“We strongly believe that this law will significantly increase the current difficulties preventing victims and their families from claiming reparations and reparations for property illegally taken from them by Nazi Germany and the communist government in Poland,” the senators wrote in the letter.

See: Marcin Przydać: I hope Israel will come back to discuss the facts

According to PAP, the main initiator of the letter was Republican Marco Rubio of Florida, and the other authors were Democrat Tammy Baldwin of Wisconsin, Nevada Democrat Jackie Rosen and Oklahoma Republican James Lankford. The letter was also signed by eight other senators, seven Democrats and one Republican. Rubio and Baldwin are the authors of the JUST Act, which obliges the State Department to report on property restitution problems in Poland and other countries.

The best way to “clearly oppose Nazi Germany’s crimes”

In the letter, the politicians appealed to the President of the Republic of Poland to take steps to withdraw the bill currently being processed in the Senate, or – if approved – to veto it. They argue that this would be the best way for Poland to show its “clear opposition to the crimes of Nazi Germany and the Soviet-backed Polish authorities”.

Politicians are drawing attention to the provisions in the draft adopted by the House of Representatives, which sets a 30-year deadline for questioning the decision to confiscate property.

See: Polish youth dump rubble in front of the Israeli embassy. “Here’s yours!”

The senators assert that Poland has so far been a “relentless” sponsor of Holocaust memorial sites and that “its democracy is a strong determinant of its continued commitment to the rule of law and human rights.”

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The senators concluded, “We firmly believe that the partnership between the United States and Poland is stronger when we are united in our commitment to freedom and justice for the victims of crimes committed by Nazis and Communists.”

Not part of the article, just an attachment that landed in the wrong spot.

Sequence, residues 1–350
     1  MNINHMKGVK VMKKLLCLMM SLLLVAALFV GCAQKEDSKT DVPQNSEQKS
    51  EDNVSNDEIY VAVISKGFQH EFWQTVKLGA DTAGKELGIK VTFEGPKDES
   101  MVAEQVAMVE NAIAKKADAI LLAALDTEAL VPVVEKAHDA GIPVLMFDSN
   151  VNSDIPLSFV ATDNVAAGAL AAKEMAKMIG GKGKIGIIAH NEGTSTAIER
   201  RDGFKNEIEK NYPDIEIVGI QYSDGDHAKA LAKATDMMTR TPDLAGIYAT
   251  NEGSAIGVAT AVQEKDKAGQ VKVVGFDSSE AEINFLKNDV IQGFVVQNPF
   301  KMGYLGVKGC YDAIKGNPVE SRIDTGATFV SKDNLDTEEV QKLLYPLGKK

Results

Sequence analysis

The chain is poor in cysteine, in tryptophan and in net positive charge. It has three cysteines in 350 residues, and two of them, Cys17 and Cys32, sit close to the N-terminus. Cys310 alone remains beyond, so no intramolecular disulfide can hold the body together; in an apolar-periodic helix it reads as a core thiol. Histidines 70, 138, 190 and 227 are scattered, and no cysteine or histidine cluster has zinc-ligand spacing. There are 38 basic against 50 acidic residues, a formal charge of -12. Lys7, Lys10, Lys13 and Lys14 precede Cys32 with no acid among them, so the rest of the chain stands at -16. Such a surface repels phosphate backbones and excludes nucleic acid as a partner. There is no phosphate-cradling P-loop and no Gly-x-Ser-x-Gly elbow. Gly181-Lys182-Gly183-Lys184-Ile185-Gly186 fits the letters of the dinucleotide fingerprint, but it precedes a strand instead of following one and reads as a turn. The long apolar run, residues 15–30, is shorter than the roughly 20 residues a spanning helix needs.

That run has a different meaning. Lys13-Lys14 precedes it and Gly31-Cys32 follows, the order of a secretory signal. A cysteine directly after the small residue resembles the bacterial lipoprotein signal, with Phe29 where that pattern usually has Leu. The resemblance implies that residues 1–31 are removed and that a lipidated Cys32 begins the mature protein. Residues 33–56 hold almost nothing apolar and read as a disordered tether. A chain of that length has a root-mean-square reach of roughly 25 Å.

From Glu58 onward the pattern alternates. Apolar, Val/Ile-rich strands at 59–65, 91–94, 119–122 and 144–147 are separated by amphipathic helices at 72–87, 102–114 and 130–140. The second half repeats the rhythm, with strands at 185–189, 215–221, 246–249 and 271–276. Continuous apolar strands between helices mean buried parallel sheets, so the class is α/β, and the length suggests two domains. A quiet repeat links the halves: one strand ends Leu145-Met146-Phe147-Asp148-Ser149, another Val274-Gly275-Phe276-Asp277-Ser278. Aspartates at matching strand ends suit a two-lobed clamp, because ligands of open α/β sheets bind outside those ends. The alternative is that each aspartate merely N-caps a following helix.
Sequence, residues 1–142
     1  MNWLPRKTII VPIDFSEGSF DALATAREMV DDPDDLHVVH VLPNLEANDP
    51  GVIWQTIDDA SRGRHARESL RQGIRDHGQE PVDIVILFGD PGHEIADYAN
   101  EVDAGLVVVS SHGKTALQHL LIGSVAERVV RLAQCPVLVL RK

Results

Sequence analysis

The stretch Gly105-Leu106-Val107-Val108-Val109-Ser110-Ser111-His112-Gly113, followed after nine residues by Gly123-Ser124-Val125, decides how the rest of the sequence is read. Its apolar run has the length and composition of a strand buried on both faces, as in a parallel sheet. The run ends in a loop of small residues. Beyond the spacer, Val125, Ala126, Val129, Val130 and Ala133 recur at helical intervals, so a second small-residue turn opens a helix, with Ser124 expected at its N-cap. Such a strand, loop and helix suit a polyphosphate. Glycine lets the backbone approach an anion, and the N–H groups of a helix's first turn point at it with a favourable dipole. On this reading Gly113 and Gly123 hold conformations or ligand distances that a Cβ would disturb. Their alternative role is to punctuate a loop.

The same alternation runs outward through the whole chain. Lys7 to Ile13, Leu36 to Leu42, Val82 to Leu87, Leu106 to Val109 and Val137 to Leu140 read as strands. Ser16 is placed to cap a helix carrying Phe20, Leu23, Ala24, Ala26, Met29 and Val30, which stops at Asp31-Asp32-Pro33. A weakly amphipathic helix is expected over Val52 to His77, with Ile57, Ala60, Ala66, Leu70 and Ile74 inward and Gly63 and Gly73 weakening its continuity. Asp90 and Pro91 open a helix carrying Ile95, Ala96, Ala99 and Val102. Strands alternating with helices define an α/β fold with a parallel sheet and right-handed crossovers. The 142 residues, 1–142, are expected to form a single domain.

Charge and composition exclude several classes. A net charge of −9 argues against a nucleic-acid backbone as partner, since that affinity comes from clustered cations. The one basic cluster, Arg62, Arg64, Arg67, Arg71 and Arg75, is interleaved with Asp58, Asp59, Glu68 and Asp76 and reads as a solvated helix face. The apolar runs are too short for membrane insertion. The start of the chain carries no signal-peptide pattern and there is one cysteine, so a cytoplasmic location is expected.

Earlier, the US State Department also called for the law to be withdrawn. The law has also been met with a backlash from Israel, according to which the law will block the way for Holocaust survivors to seek redress. Israeli Foreign Minister Jair Lapid declared the law a “disgrace” and would seriously harm relations between the two countries.

Foreign Ministry: The Israeli side’s statements indicate ignorance of the facts

In response, the Polish Ministry of Foreign Affairs published a statement claiming that the statements of the Israeli side “demonstrate ignorance of facts and Polish law,” and that the act was in implementation of the 2015 Constitutional Court ruling. The Ministry emphasized that “the amended provisions will be applied only to administrative procedures, including reinstatement.” Privatization “but” does not in any way limit the possibility of filing civil suits for compensation.

See: The Foreign Ministry summoned the head of the Israeli embassy in Poland on Monday. It is about amending the Administrative Procedures Act

The bill is currently before the Senate, and Senate committees on Monday adopted amendments to change the most controversial provisions. It is about, for example, extending the vacant legislative period from 30 days to 3 months and enabling the continuation of actions that have already begun.

The Senate is scheduled to debate the amendment at the next meeting scheduled for this week – from Wednesday to Friday.

kmd / PAP

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